This months tube is a very special directly heated triode which is among my few all time favourites. Since I started this blog, I was looking forward to present this tube, so get prepared for many photos. It is a very old tube, which was introduced in the 1920ies. The UX201A.
The UX201A was among the very first tubes which got marketed by RCA. They started with the UV200 and UV201. The latter was replaced by the UX201A in 1925.
The UX201A differs from it's predecessors in the base. It uses the standard UX4 base. The pinout is pictured on the left. It has a thoriated tungsten filamentary cathode which runs at 5V and 250mA. The UX201A was used as detector and amplifier tube in radio sets. See the datasheet for all technical parameters. With it's low transconductance of a measly 800 micromhos combined with a low amplification factor of 8 it seems rather useless in tube audio circuits nowadays since there are plenty of more modern tubes available which have much more interesting technical properties. But used in the right way this tube can produce some very detailed and marvellous sounds. Eric Barbour once wrote an interesting article in the Glass Audio Magazine about the use of the UX201A in line stages. He wrote a very true statement: 'In a sane world there would be more tubes like the UX201A'.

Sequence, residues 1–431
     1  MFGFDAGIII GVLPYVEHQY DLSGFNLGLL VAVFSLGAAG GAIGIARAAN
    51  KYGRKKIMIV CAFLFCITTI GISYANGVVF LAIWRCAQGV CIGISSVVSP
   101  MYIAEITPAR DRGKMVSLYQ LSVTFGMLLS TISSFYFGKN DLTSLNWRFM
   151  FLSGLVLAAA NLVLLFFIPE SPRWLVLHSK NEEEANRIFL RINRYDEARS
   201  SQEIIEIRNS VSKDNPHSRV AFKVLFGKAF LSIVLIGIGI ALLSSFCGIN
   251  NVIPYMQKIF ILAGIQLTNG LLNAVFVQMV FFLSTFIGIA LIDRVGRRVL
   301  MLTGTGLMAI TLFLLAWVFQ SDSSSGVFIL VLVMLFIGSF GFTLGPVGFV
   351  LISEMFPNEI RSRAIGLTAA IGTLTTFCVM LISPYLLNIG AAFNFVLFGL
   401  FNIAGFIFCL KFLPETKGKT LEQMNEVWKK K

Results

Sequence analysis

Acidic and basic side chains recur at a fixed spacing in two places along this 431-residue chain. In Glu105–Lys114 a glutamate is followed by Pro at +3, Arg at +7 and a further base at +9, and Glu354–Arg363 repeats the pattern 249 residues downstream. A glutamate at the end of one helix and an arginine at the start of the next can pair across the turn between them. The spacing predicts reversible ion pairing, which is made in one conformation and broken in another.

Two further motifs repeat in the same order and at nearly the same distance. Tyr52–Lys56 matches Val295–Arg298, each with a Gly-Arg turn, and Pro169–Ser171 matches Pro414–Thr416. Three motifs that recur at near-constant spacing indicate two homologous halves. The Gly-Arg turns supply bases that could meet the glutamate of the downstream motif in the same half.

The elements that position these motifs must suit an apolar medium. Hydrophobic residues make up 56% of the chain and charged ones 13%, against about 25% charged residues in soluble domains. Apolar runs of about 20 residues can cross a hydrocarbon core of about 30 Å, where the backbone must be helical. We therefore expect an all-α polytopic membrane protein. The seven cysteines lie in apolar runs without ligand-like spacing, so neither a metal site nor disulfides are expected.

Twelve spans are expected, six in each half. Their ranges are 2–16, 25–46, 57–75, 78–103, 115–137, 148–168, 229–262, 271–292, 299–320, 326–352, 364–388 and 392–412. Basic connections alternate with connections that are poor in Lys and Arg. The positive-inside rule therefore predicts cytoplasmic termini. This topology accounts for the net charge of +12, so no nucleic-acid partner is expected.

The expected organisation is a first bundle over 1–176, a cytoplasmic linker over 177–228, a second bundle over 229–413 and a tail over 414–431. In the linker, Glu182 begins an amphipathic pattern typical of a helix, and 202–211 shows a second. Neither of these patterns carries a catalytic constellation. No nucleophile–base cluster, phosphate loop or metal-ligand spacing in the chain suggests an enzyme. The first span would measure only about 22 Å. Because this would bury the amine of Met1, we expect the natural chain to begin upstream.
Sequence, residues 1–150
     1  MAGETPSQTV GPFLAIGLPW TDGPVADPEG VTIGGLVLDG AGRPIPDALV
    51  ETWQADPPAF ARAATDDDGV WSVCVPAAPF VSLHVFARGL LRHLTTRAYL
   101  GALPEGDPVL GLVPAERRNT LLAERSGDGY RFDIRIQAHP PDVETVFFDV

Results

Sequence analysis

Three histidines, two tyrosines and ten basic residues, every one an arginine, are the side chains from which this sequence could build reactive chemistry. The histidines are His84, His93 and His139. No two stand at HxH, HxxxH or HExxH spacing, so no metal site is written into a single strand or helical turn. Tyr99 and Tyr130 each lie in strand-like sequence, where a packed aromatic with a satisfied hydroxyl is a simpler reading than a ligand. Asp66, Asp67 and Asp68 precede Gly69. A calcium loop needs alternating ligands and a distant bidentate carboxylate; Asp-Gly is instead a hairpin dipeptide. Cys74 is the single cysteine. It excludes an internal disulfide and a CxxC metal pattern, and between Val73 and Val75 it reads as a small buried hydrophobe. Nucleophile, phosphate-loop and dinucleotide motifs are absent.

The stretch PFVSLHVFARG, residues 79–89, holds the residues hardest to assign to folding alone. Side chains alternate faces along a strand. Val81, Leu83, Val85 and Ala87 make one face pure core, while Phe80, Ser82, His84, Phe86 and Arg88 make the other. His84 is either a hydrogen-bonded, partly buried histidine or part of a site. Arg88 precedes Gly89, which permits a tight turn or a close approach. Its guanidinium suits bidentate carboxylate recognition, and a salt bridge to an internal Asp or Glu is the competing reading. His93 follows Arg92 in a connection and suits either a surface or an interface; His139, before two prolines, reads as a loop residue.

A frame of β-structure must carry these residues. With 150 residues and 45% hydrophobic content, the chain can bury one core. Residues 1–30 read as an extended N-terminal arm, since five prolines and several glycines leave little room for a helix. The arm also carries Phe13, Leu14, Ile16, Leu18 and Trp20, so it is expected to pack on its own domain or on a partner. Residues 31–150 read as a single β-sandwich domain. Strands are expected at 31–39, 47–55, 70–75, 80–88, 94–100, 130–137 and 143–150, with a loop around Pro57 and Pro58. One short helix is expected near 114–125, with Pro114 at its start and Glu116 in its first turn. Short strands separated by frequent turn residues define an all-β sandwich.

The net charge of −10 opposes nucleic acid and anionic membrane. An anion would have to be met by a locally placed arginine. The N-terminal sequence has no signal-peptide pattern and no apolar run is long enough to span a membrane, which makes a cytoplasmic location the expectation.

The datasheet reveals some very linear plate curves as is typical for directly heated triodes:
A cross check with an actual tube on the curve tracer confirms the linearity:
I have used this tube in line stages or simply as buffer stage. It has some very special sound characteristics. Definitely on the euphonic side but in a subtle way which does not impact resolution. More about this in upcoming articles about a project with this tube.
Also check out the Reverse Time Pages for additional information about this family of tubes.
From the 1920ies to the early 1930ies the tube was built in the beautiful globe shape. There had been a myriad of small tube manufacturers who built this or similar tubes. Some had chosen slightly different type nominations. Construction styles varied from manufacturer to manufacturer. Some had short bases some taller bases. Later the tube was manufactured in the more modern ST shape like other tubes as well. While the globe versions where rather small compared to output triodes like UX210 or UX245. The ST versions had the same size bottle as the 45 output tubes.
Let's have a look at some tube samples from different manufacturers. We start with the RCA Radiotron UX-201-A:
These got packaged in one of the most beautiful tube boxes. The tube is wrapped for additional protection inside and comes with a paper insert with information:
The dark spot with the rainbow colored border is very typical for these tubes. This is no sign of a worn tube and is present in many unused tubes. This was caused by the getter activation process during manufacturing.
The RCA Radiotron UX-201A in a different style package:
Beautifully engraved base:
The top flaps of the boxes:
Cunningham named the tube CX-301-A:
All sides of the Cunningham box:
These also came with a paper inserted.
The tube in all it's glory:
In the old days, tubes often got stickers from the shop which sold them:
Or from testing: